GOP Sen. Collins says she will oppose controversial Trump court pick

Sen. Susan CollinsSusan Margaret CollinsSenate gears up for battle over witnesses in impeachment trial McConnell: I doubt any GOP senator will vote to impeach Trump Democrats spend big to put Senate in play MORE (R-Maine) has come out against a controversial Trump judicial pick Steven Menashi.

“I oppose the nomination of Steven Menashi to be a United States Circuit Court Judge for the Second Circuit," Collins said in a Wednesday statement. "Mr. Menashi’s past writings, particularly about women, LGBTQ advocates, and diversity, raise questions about whether he has the appropriate judicial temperament."

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"It was also inappropriate for Mr. Menashi to refuse to respond to even general questions about his work in the Administration during his confirmation hearing last month," she added. "His reluctance to answer questions about the family separation policy made it difficult for me to assess his record and impeded my constitutional duty to evaluate his fitness to serve as a judge."

"After careful consideration of Mr. Menashi’s nomination with these concerns in mind, I do not believe he is well-suited to serve on the federal bench,” Collins concluded. 

She had earlier said "I intend to oppose his nomination" in a video posted Wednesday by HuffPost

Her response came to a question from an activist involved with progressive groups Demand Justice and the Center for Popular Democracy, according to the news outlet. 

"I'd like to know how you're going to vote on Menashi," the activist said.

A spokesperson for Collins confirmed in an email to The Hill on Wednesday that the senator was planning to vote against Menashi's nomination to be a judge on the 2nd Circuit.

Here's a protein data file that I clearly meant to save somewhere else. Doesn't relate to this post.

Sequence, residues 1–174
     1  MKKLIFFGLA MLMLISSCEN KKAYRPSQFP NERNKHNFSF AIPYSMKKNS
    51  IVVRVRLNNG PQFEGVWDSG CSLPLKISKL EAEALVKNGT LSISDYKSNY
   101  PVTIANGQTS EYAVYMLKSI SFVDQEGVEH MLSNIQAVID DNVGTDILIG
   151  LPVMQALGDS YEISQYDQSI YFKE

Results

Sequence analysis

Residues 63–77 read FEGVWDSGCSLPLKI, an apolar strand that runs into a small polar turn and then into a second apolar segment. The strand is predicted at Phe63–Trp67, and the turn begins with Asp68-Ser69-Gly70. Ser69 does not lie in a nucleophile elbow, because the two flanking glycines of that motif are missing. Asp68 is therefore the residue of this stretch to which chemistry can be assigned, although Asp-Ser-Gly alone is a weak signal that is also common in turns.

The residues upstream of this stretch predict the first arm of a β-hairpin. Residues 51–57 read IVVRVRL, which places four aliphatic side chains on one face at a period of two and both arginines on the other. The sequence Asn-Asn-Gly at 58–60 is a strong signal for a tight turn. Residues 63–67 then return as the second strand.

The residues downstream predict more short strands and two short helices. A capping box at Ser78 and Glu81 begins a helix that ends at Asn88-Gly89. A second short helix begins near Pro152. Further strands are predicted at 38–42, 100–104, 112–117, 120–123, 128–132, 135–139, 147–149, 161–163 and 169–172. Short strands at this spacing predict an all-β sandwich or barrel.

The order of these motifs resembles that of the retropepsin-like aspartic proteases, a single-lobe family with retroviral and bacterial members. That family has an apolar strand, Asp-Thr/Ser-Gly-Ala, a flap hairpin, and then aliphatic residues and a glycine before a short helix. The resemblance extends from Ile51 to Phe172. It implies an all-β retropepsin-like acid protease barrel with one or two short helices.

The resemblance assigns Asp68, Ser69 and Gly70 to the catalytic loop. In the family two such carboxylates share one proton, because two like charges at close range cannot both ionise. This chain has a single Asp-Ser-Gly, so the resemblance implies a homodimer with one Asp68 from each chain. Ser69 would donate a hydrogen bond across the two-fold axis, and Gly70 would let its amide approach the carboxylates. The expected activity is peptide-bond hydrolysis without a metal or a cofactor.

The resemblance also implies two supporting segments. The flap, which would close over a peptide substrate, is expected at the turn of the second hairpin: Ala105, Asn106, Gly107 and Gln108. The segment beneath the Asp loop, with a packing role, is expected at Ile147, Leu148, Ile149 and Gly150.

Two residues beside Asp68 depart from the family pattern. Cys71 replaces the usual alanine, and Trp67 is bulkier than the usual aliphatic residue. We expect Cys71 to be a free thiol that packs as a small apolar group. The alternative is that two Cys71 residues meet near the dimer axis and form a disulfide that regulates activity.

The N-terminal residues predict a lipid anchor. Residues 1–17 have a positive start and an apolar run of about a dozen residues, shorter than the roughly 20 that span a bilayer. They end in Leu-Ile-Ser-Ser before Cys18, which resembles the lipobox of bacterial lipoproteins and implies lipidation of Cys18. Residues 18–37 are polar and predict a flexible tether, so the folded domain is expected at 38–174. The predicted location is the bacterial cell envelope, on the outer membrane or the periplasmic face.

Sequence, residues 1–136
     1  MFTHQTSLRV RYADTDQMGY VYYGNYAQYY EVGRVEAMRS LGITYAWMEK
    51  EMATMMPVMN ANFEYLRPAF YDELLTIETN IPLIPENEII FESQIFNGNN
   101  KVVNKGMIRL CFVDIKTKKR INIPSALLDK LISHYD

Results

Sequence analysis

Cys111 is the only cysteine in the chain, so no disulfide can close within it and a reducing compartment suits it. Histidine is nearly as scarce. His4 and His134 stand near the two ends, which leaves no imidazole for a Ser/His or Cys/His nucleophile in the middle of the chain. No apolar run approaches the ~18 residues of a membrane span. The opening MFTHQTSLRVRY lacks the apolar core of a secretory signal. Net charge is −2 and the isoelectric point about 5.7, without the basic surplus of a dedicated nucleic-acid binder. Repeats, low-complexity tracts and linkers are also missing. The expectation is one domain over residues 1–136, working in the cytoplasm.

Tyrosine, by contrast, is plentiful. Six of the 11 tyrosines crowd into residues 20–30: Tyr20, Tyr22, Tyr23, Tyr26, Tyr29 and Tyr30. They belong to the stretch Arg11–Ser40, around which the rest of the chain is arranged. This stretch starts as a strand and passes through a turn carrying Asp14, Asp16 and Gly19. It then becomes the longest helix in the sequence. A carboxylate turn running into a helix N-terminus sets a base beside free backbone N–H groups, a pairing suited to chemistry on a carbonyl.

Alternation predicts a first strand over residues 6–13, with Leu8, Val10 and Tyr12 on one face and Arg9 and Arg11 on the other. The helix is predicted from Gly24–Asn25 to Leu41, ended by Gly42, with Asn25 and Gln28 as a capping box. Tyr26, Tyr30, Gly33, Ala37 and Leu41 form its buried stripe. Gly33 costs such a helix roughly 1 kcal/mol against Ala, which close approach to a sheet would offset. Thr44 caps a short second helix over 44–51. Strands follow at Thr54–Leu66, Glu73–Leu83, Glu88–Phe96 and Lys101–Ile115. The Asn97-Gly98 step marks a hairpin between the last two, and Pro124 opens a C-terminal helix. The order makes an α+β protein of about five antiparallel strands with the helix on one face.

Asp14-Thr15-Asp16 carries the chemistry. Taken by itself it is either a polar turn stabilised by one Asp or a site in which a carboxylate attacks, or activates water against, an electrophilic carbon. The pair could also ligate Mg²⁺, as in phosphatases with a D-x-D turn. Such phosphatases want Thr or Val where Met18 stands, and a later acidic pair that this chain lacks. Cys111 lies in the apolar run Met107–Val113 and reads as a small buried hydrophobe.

Menashi has received bipartisan criticism after he didn't directly answer questions from senators during a confirmation hearing, including about his work in the Trump administration.

Sen. John KennedyJohn Neely KennedyMORE (R-La.) has also expressed skepticism about Menashi, saying the nominee could be “Oliver Wendell Scalia”  but that he couldn't vote for him unless he knows how Menashi thinks about legal matters.

“If someone gets mad at that, they need to call somebody who cares, because that is my job and I'm tired of them playing games,” Kennedy said last month. He told The Hill on Wednesday that he still hadn't made a decision on Menashi.

Before Menashi's confirmation goes to the full Senate, he needs the approval of the Judiciary Committee. Chairman Lindsey GrahamLindsey Olin GrahamSenators zero in on shadowy court at center of IG report Graham: People should be fired over surveillance report findings GOP, Trump campaign rip CNN for coverage of Horowitz hearing MORE (R-S.C.) told reporters Wednesday that the committee will vote next week. 

Kennedy us a member of the Judiciary panel, while Collins is not. The panel includes 12 Republicans and 10 Democrats. If Kennedy, or another GOP senator, opposes Menashi's nomination during the committee vote he would not have enough support to clear the committee without Democratic support. Democrats have been critical of Menashi and are expected to oppose him. 

Collins is up for reelection in 2020, and The Cook Political Report has rated the race a "toss-up."

Menashi has also faced scrutiny for past writings on abortion and the morning-after pill

—Updated at 5:24 p.m. Jordain Carney contributed.